Panna cotta: Basil and Bulleit

19 Feb

At the Truffle Pig in Steamboat Springs, they make a mean cocktail. On their list of tasty, seasonal selections is the Bulleit and Basil, a blend of fresh basil, Bulleit bourbon (read: delicious) and lemon. Thinking of variations on the fabulous, crowd-pleasing and addictive panna cotta recipe I knocked out every Monday — and on approximately 45,000 other occasions — at North Fork Ranch, tasty drinks came to mind.

It’s based on the Basic Panna Cotta recipe in the previous post. Keeping the same proportions of milk and cream, this take involves steeping the heavy cream with lemon zest, fresh basil, honey and a generous splash of Bulleit before adding it to the milk-and-bloomed-gelatin mixture.

(Note: I bought that plate at Wal-Mart just for pretty food pictures. But I might still prefer our plastic monkey plates, shaped like plastic monkey faces.)

Read on for the Basil and Bulleit panna cotta recipe.

Basil and Bulleit Panna Cotta:

1 cup heavy cream

Several fresh basil leaves, torn by hand (like 15 or so leaves)

zest of 1 lemon

1 to 2 tbsp Bulleit bourbon

1 to 2 tbsp honey (this can be largely based on how much bourbon is used)

1/3 cup whole milk

1 tsp unflavored gelatin

4 tsp sugar

1/4 tsp vanilla extract

dash lemon extract (it’s strong, so go skimpy)

pinch of kosher salt

1) Put the heavy cream in a saucepan over low heat, and add the lemon zest, torn basil leaves, honey and bourbon. Allow the cream to infuse over low heat until you can smell the basil, about 20 minutes.

2) Strain the cream into a glass bowl. Set aside.

3) Pour the 1/3 cup whole milk into a different saucepan. Sprinkle the gelatin over the milk and let it sit for 5 minutes to bloom.

4) Place the milk mixture over low heat and cook for about 5 minutes, until the gelatin is dissolved.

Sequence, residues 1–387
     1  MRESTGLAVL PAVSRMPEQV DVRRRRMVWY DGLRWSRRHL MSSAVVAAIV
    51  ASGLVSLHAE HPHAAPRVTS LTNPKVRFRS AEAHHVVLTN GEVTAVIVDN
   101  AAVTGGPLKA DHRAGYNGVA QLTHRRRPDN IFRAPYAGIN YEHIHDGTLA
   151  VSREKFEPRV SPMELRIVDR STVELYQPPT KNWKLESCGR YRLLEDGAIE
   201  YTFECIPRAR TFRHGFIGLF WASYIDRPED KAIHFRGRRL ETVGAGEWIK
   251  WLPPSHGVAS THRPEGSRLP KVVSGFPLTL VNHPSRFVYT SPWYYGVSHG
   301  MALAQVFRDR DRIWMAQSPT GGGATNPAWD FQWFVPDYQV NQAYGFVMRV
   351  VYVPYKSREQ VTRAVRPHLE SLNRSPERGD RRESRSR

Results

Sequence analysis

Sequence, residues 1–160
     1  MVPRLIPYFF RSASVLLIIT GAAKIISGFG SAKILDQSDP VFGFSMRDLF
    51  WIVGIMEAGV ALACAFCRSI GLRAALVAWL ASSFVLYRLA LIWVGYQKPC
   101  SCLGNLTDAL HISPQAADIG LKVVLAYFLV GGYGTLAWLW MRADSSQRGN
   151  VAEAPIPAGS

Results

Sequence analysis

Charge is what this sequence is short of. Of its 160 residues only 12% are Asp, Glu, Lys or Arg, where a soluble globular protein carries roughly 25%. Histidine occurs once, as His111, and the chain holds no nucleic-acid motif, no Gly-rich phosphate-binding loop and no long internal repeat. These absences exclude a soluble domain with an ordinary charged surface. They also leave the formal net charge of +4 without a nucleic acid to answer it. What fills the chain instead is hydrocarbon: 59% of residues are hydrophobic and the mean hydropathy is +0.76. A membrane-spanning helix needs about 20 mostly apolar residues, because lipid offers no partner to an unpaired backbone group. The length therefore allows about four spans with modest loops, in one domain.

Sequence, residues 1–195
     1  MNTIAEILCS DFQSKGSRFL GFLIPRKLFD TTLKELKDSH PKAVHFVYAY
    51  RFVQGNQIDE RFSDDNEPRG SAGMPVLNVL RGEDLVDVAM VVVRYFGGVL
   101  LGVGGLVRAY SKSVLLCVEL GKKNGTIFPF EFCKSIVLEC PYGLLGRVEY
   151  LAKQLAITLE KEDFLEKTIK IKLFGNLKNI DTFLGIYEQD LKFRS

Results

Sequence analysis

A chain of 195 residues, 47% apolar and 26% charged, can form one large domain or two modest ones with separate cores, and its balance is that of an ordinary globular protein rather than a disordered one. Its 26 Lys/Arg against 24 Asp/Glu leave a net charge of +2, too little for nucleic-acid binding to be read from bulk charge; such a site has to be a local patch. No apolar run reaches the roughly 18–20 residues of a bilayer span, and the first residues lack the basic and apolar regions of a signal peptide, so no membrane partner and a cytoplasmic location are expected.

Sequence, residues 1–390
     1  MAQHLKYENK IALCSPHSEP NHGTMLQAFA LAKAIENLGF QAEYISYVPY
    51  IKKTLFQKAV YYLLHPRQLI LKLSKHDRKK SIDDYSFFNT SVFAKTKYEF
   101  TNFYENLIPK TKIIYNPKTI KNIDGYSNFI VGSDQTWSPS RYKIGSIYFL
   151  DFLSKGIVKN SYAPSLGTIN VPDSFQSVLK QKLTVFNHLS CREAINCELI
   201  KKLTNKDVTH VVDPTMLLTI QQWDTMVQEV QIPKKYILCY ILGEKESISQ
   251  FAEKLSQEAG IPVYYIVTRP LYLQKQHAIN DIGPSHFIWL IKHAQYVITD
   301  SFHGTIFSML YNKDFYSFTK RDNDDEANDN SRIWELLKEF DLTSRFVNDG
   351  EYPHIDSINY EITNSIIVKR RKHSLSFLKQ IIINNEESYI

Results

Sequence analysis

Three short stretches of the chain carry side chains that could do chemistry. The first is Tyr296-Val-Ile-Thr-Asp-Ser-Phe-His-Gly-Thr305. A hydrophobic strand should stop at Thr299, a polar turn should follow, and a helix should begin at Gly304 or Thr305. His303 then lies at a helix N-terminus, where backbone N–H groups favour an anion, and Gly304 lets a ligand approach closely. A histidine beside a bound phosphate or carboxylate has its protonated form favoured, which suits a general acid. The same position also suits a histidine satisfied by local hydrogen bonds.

5) Add the cream mixture, sugar, lemon extract and salt. Taste for sweetness (if you don’t have Bulleit and use a different bourbon, it might be necessary to add more honey).

6) Remove the cream mixture from heat and pour into a measuring cup. Pour into mini cupcake cups in a mini-cupcake pan (or, you know, something less ridiculously cute — it’s just that the panna cotta is very rich, so smaller portions can be more user-friendly).

7) Place the pan in the fridge and let it sit for at least two hours, or until set (longer if using larger containers). To turn the cups out onto a plate, run a butter knife around the edge of the baking cup, and flip it onto a plate. If you’re in a rush, or are turning all the cups out at once, throw them in the freezer for 10 minutes before you turn.

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One Response to “Panna cotta: Basil and Bulleit”

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  1. Panna cotta bonanza « charitydinner - February 20, 2011

    […] charitydinner ← Mediterranean potstickers Panna cotta: Basil and Bulleit → LikeBe the first to like this […]

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